What next for police and crime commissioners?
At the time of writing, the election process for police and crime commissioners looks like it has been even less successful than many feared. The turnout, estimated at around 15%, appears to be the lowest ever in a national election. Worse, the fortunes of PCC candidates seem largely to be mirroring the fortunes of the national parties, raising the possibility that future PCC elections might simply become another means of expressing views on national government rather than preferences for local crime and policing approaches.
As Policing Minister Damian Green copes with the unenviable task of defending the Government’s policy in light of this, 41 PCCs will turn their attention to making the new role work. PCCs and police chiefs could do worse than examine the lessons from past political transitions and tips on the first 100 days for PCCs and politicians more generally. There is no time to lose, after all, with just 10 weeks to go until PCCs must produce their first police and crime plan and set the police budget.
PCCs will no doubt focus on ensuring that they demonstrate to the electorate that they are making a swift impact. But a less talked about priority for PCCs must be the development of relationships across a complex public service landscape.
Reducing crime and maintaining law and order is not something police forces can do alone and PCCs must recognise that some of the greatest successes of local crime reduction of recent years have been have been achieved with the help of councils. Local authorities have blocked the alleyways that provided burglars with easy access to our homes, ensured night-time revellers have the transport they need to get home safely from town centres, and imposed licensing restrictions on rowdy pubs to great effect. Hospitals, meanwhile, have improved their record on providing information relating to crime incidents and virtual courts have been introduced by Her Majesty’s Courts Service, saving the police time and money.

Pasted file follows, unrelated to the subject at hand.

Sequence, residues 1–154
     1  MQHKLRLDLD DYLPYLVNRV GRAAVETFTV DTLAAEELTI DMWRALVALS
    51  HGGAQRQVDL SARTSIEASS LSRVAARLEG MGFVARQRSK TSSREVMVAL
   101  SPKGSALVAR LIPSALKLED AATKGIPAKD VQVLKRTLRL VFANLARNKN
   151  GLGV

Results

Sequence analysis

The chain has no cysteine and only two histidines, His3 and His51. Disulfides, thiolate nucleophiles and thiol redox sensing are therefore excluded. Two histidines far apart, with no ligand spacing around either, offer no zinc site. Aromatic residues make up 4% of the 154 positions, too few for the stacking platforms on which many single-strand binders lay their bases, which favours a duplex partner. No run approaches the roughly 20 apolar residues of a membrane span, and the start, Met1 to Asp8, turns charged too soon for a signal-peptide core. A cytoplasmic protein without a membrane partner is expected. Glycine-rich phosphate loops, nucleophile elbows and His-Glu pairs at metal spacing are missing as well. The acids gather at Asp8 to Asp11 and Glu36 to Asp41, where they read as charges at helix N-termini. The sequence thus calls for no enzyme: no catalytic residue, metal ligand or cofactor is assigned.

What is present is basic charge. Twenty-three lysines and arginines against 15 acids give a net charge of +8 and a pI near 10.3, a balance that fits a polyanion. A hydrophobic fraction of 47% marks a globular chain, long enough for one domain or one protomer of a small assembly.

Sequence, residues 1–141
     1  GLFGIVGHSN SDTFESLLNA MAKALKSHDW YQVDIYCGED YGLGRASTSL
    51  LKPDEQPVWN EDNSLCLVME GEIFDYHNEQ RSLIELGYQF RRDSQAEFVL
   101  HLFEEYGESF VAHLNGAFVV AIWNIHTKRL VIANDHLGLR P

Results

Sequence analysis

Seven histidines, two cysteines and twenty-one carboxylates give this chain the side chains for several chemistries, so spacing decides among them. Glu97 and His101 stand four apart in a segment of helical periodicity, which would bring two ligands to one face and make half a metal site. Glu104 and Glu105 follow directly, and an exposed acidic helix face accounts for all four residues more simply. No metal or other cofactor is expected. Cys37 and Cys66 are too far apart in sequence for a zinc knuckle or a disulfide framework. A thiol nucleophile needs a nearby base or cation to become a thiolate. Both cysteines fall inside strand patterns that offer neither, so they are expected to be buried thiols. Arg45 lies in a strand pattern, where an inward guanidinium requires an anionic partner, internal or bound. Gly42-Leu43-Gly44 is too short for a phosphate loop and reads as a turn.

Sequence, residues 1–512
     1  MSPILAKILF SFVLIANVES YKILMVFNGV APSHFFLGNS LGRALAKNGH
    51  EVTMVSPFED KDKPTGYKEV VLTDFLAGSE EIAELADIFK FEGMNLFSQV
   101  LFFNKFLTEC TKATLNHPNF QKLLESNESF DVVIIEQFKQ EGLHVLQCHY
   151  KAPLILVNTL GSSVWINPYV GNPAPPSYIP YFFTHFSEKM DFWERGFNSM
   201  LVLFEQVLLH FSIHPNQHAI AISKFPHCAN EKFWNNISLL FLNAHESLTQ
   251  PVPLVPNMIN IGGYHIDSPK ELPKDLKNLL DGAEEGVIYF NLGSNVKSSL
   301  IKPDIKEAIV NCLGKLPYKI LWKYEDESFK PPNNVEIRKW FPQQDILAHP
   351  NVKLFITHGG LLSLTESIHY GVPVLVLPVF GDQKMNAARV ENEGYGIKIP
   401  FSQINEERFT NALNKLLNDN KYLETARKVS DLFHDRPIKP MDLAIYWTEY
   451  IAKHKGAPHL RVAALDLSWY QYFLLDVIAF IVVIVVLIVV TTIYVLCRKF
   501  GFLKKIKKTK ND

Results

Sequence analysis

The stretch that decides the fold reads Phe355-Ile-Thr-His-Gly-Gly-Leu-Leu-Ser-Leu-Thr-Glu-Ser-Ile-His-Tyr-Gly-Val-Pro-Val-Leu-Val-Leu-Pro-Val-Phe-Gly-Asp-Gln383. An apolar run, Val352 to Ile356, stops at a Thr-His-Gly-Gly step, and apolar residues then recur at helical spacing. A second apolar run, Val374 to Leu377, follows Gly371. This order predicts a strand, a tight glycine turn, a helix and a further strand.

Building the relationships that form the backdrop to such successes requires PCCs to take a broad view of their responsibilities. PCCs will only be able to get the cooperation of local partners if they demonstrate their willingness to work towards the greater good of their local area rather than pursuing narrow organisational interest. And PCCs will need to embrace hard work if they are to develop strong relationships. Most local agencies are undergoing structural reform and major expenditure reductions, both of which encourage organisations to take a strong internal focus. Pre-existing governance arrangements often lie in tatters – an obstacle to cooperation but also an opportunity to create less bureaucratic and more effective alternatives.
Yet the temptation for PCCs to neglect their role in building effective local relationships will be strong. The bulk of police funding is still provided by the Home Office so PCCs might opt simply to become a lobby group for more police spending – arguing that they are doing the best job for their electorate by securing more public money for the cause they represent. Similarly, PCCs might lobby for tougher sentences, particularly as they get the electoral gains of a punitive stance without having to take the political pain of slashing spending elsewhere to pay for the extra prison places. Both the Home Secretary and Justice Secretary should stand on red alert for that first letter to The Times from Labour PCCs (or even all PCCs) calling for a ‘tough stance’.
If PCCs can ensure that such national campaigning does not come at the expense of their other duties, today’s poor turnout and initially uninspiring candidates may be swiftly forgotten. If they do not, today’s results may simply become the prelude to a story of policy failure – one that may even affect perceptions of the Government’s competence at the next general election.